Ask What You Can Do for Your Planet

A call to recruit an international army of volunteers


| Utne Reader March / April 2007



Surgical assistant Rachel Heule had planned her pleasure trip to Tahiti for months. Her itinerary included plenty of time for sunbathing on the beaches by day and partying in the disco clubs at night. She even took a second job to earn enough money to make it all happen. Then she read an article in NEED magazine about the life-changing, lifesaving surgeries that the nonprofit organization Mercy Ships provides free to those who lack the most basic health services in some of the world's poorest countries. On the spot, Rachel decided to volunteer.

Thousands of others responding to external promptings and inner callings are signing up to do environmental healing, social justice, and humanitarian aid work around the world. After spending spring of 2001 in Kenya through the School for International Training's study abroad program, Emily Verellen and Karen Austrian founded the Binti Pamoja (Daughters United in Swahili) Center, a reproductive health and women's rights program for teenage girls in the Kibera slum of Nairobi. Professional urban planner Holly Pearson spent six months in La Plata, Argentina, working with Fundaci—n Biosfera to create a plan for reducing the city's energy consumption and greenhouse gas emissions. Former web programmer Matt Berg now heads the Geekcorps' Last Mile Initiative, a program focused on improving access to communications technology in rural Mali.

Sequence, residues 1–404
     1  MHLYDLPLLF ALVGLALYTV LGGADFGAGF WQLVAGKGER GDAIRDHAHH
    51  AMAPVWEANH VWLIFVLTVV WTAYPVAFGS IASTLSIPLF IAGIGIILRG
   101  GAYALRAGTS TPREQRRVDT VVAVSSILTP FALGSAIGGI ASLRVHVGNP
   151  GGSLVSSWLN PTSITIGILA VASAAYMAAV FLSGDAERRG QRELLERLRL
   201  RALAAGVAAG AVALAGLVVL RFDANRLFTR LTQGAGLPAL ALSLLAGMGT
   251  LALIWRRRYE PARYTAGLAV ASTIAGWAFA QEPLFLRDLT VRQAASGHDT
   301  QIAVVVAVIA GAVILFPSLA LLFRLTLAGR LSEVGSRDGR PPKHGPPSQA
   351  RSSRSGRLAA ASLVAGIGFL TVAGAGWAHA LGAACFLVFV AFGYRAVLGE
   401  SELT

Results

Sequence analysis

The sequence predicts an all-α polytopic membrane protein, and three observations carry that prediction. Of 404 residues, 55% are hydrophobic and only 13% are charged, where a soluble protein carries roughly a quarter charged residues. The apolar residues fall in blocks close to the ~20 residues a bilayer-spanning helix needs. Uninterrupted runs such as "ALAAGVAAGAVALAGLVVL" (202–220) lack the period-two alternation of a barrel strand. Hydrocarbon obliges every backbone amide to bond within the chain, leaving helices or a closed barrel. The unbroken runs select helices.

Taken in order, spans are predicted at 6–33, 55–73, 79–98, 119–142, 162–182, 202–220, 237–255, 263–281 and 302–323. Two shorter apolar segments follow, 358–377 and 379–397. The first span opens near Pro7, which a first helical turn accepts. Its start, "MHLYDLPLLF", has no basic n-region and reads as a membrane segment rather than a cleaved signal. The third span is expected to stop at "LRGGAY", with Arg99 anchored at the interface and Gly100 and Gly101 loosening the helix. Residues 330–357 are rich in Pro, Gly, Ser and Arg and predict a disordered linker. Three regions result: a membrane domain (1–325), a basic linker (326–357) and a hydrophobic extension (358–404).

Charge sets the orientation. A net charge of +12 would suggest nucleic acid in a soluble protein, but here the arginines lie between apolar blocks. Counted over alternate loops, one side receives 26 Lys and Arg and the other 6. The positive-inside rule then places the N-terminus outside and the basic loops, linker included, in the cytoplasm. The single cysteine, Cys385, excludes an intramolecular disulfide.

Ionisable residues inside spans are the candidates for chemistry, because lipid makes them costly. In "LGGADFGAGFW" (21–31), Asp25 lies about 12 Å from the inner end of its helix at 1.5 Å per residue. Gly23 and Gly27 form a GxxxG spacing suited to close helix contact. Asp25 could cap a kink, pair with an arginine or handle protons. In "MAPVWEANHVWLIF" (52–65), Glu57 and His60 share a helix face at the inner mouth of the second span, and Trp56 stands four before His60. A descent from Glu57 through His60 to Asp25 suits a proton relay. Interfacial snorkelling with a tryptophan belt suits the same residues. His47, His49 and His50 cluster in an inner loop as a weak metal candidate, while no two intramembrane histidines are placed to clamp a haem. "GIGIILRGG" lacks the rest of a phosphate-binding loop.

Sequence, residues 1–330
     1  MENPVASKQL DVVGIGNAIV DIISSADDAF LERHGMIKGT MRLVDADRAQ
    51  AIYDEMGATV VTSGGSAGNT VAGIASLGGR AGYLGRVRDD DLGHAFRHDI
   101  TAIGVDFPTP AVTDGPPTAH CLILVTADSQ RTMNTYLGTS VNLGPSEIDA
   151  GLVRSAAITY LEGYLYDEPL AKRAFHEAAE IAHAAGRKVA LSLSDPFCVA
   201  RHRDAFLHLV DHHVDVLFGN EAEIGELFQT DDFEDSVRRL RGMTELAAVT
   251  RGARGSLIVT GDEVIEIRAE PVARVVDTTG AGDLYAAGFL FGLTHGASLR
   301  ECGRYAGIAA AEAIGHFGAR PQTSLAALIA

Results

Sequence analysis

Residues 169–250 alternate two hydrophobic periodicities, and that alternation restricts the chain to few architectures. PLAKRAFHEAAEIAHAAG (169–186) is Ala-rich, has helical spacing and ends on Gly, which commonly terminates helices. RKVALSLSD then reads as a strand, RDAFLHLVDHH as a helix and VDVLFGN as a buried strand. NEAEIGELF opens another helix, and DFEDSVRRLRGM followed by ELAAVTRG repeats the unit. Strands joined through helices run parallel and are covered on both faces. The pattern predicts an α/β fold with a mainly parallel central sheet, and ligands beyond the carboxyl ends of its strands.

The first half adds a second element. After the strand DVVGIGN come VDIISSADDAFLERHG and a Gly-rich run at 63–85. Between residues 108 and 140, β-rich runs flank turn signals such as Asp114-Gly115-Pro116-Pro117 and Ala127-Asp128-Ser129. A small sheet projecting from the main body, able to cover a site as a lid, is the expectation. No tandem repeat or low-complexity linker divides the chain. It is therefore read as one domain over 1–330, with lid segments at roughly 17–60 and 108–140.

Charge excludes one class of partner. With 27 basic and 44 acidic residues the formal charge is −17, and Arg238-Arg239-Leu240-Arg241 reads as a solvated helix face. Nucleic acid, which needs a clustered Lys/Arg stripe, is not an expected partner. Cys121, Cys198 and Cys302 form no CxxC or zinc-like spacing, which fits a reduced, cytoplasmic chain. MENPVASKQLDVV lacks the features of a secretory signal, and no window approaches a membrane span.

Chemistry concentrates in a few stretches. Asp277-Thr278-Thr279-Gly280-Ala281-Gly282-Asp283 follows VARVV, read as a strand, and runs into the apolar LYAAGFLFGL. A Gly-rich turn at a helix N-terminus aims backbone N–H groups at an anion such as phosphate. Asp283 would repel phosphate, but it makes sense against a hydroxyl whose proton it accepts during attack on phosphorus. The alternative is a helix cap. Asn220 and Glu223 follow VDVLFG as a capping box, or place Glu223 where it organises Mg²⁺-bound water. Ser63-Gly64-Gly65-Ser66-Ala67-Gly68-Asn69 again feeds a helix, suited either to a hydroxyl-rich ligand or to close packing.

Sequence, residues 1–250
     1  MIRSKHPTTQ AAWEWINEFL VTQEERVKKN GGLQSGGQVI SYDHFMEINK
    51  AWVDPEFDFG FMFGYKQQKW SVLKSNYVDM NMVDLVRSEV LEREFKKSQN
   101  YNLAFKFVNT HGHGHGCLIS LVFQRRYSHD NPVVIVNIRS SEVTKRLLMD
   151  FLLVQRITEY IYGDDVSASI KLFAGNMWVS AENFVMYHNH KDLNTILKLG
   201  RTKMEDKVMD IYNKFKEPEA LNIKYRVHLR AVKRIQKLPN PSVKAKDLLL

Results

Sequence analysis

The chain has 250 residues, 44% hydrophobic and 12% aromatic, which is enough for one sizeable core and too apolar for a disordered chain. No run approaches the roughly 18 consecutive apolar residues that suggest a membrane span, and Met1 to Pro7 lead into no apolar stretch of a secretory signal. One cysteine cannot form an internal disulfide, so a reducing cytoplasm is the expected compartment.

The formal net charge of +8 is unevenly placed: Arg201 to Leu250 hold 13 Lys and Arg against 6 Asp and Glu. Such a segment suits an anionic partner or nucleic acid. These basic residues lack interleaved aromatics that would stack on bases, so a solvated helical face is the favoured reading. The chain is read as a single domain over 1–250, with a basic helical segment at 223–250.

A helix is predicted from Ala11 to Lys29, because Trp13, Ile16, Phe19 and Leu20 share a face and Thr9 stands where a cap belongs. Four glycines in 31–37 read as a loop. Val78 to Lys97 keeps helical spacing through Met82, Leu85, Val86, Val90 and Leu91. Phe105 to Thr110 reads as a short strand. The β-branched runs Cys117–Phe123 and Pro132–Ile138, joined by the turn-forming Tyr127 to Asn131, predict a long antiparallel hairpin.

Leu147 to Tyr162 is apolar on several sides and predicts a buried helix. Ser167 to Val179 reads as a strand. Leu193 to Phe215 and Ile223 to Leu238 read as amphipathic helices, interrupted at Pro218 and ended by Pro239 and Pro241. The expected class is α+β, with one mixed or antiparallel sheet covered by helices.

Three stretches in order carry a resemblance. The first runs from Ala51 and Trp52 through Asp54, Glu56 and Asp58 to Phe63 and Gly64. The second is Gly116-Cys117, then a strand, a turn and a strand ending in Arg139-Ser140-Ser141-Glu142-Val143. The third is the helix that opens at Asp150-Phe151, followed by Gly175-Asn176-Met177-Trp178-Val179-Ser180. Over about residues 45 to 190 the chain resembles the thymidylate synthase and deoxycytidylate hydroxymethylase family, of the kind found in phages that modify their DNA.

Over the next 10 to 20 years a daunting array of potentially calamitous crises will come to a head: global warming and climate change; depletion of groundwater and fossil fuel; the pandemic spread of HIV/AIDS; proliferation of nuclear weapons and small arms; the expanding gulf between the rich and the poor; and the conflict between secularism and fundamentalism. The list goes on.

The scale and severity of these crises goes beyond what even coordinated international governmental action can remedy. Millions if not hundreds of millions of volunteers of all ages need to step up if we have any chance of maintaining a viable planet for our children and future generations.

National service of some sort, either in the military or in alternative arenas (such as teaching in the inner city or cleaning up toxic waste sites) is well established in more than 30 countries, including Germany, Sweden, China, Chile, New Zealand, Russia, and Israel. But national service is not enough. We need to think beyond traditional governments and recognized borders. We need an independent, nongovernmental, worldwide citizens' movement of school-age children, college-age students, midlife adults, and postcareer retirees. We need an Earth Corps for Global Service.

'In our globalized world, the threats we face are interconnected